Multi-agency health “tabletop”

March 29, 2018

A recent tabletop exercise allowed planners at the North Dakota Department of Health and North Dakota University System to look into challenges and solutions to a hypothetical disease outbreak.

According to NDUS Student Affairs Director Katie Fitzsimmons, the exercise allowed representatives from both organizations to put their heads together.

“The N.D. Department of Health discovered that they had a credit with one of their vaccine suppliers and it was expiring soon,” Fitzsimmons said. “They had been looking for another opportunity to partner with the university system, so creating and executing a disease outbreak vaccination exercise seemed like a great fit.”

In addition to both organizations, all local public health units had a place at the exercise. That provided all officials who might find themselves responding to such a real life situation to go over standard operating procedures well before reality struck.

“Should any campus or area experience a disease outbreak, local public health units, along with the North Dakota Department of Health and the CDC, would be at the front of the line, working and providing solutions,” Fitzsimmons said about the exercise, which lasted three hours and included nearly 80 staff members from the involved agencies.

Through the course of the meeting, participants moved steadily through several possible scenarios, and discussed what reactions would be likely at the campus level.

“I sat in with the Bismarck State College staff and throughout the meeting, we discussed protocols that they currently have in place and ones they would like to put into place, to make a reaction smooth and seamless,” Fitzsimmons noted. “Every campus has different variables and considerations to take into account. For example, BSC has the Career Academy on campus and hundreds of local high school students drive and bus onto their campus every day for classes.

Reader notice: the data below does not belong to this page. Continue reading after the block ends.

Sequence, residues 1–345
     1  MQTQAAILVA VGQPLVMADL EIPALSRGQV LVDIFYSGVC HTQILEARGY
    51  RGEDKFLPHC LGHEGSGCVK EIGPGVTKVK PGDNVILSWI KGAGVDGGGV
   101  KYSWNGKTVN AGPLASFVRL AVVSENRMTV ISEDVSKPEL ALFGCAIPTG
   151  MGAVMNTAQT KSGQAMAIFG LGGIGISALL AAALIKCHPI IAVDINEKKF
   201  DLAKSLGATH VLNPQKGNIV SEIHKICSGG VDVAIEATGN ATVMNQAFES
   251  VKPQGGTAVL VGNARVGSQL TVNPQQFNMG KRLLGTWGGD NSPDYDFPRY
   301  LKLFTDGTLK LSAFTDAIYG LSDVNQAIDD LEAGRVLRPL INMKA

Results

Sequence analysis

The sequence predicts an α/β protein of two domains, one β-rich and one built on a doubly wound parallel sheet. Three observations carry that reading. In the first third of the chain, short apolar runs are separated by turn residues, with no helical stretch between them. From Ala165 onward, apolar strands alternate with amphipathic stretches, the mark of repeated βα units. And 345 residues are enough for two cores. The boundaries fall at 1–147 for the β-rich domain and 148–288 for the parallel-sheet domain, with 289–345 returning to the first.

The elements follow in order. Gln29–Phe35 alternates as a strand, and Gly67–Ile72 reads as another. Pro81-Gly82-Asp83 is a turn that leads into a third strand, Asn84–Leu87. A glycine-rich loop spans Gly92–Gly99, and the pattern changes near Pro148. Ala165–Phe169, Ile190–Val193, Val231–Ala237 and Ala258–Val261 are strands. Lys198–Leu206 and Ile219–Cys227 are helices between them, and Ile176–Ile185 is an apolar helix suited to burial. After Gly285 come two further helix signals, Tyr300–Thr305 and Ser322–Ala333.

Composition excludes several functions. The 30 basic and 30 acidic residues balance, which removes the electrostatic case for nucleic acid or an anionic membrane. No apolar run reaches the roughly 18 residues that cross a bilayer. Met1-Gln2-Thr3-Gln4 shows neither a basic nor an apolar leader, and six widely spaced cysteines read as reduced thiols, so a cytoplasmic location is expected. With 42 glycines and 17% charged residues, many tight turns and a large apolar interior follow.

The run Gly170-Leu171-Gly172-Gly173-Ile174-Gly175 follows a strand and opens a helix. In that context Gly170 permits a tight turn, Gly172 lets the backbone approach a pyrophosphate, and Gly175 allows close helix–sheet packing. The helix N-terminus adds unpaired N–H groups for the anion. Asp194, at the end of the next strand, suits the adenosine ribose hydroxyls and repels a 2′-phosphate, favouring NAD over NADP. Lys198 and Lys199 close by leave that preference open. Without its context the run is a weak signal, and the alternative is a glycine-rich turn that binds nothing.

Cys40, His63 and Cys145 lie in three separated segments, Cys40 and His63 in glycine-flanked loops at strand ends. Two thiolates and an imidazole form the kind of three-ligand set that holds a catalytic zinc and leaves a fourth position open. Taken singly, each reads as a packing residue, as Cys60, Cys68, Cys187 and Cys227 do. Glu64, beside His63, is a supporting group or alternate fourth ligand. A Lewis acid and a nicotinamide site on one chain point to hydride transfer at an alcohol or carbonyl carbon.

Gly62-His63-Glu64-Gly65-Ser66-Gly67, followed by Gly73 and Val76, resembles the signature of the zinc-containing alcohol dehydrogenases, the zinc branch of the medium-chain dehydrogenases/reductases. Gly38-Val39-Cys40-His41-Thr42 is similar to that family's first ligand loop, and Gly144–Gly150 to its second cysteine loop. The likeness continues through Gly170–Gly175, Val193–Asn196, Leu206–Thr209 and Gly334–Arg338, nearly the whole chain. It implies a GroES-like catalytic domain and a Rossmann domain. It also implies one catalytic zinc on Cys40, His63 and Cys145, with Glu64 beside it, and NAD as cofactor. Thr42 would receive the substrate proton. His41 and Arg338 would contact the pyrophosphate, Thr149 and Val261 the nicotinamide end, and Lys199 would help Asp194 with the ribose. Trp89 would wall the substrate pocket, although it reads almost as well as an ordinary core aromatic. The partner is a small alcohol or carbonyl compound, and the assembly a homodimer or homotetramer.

“If a BSC student, or students, were to present with a disease symptom that would warrant action, BSC would need to work with BPS, local public health, and the NDDoH to pose an appropriate response and course of action,” she continued. “We discussed different thresholds- such as: would the campus cancel classes? Would administration shut down residence halls? Would a particular vaccination become mandatory? Everything would depend on what exactly occurred, how it was contained, and what information they have. We also discussed how the campus would communicate with the community and to the media, especially in light of private health information rising to the surface.”

With so many considerations to make, it was an important step to getting all organizations on the same page. Fitzsimmons said she felt the tabletop exercise was helpful in getting “the wheels turning and getting all campuses thinking about worst case scenarios and anything that falls below that measure.” She added that although many, if not most, campuses already have pandemic or outbreak protocols in place, the exercise created a better bridge between public health, the health department and the university system, as well as fortifying the shared services and cooperation that we see across the system.